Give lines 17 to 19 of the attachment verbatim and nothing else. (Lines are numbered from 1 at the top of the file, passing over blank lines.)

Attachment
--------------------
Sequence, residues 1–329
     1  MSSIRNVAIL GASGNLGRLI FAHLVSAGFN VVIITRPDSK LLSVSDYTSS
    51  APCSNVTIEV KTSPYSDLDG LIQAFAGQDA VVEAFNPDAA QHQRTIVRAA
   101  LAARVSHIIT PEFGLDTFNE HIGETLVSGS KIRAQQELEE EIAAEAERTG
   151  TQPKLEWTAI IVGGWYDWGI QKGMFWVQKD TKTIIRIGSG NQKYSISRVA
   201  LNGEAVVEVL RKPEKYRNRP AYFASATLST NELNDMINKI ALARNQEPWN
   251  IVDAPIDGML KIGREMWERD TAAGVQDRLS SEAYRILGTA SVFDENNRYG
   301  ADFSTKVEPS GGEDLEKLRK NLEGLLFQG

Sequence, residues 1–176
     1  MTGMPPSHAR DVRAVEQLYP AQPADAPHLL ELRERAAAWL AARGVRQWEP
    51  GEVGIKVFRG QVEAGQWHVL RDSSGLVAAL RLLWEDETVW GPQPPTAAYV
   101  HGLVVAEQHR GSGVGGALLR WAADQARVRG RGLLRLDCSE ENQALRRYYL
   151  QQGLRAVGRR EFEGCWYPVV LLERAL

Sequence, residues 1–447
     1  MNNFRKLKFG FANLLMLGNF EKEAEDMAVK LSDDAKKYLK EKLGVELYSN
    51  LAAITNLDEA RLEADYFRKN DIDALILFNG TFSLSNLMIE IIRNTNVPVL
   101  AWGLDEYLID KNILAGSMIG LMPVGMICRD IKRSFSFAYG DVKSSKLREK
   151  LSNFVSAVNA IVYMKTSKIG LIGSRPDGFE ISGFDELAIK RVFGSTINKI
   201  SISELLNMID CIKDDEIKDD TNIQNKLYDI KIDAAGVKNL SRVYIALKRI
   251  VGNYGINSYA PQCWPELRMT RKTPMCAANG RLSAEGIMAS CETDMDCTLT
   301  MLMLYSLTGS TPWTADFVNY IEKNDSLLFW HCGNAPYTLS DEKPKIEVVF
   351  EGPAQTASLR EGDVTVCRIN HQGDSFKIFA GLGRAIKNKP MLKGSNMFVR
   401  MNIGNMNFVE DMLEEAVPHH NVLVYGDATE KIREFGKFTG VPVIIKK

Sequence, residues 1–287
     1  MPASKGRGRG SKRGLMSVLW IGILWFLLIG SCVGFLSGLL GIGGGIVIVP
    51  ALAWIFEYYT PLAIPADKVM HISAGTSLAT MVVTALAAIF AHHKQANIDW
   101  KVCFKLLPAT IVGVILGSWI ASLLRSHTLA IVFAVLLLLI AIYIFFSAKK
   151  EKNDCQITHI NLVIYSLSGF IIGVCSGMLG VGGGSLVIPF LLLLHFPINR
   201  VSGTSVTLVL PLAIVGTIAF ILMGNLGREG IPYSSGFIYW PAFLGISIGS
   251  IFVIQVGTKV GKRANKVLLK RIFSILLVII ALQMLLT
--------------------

   101  AWGLDEYLID KNILAGSMIG LMPVGMICRD IKRSFSFAYG DVKSSKLREK
   151  LSNFVSAVNA IVYMKTSKIG LIGSRPDGFE ISGFDELAIK RVFGSTINKI
   201  SISELLNMID CIKDDEIKDD TNIQNKLYDI KIDAAGVKNL SRVYIALKRI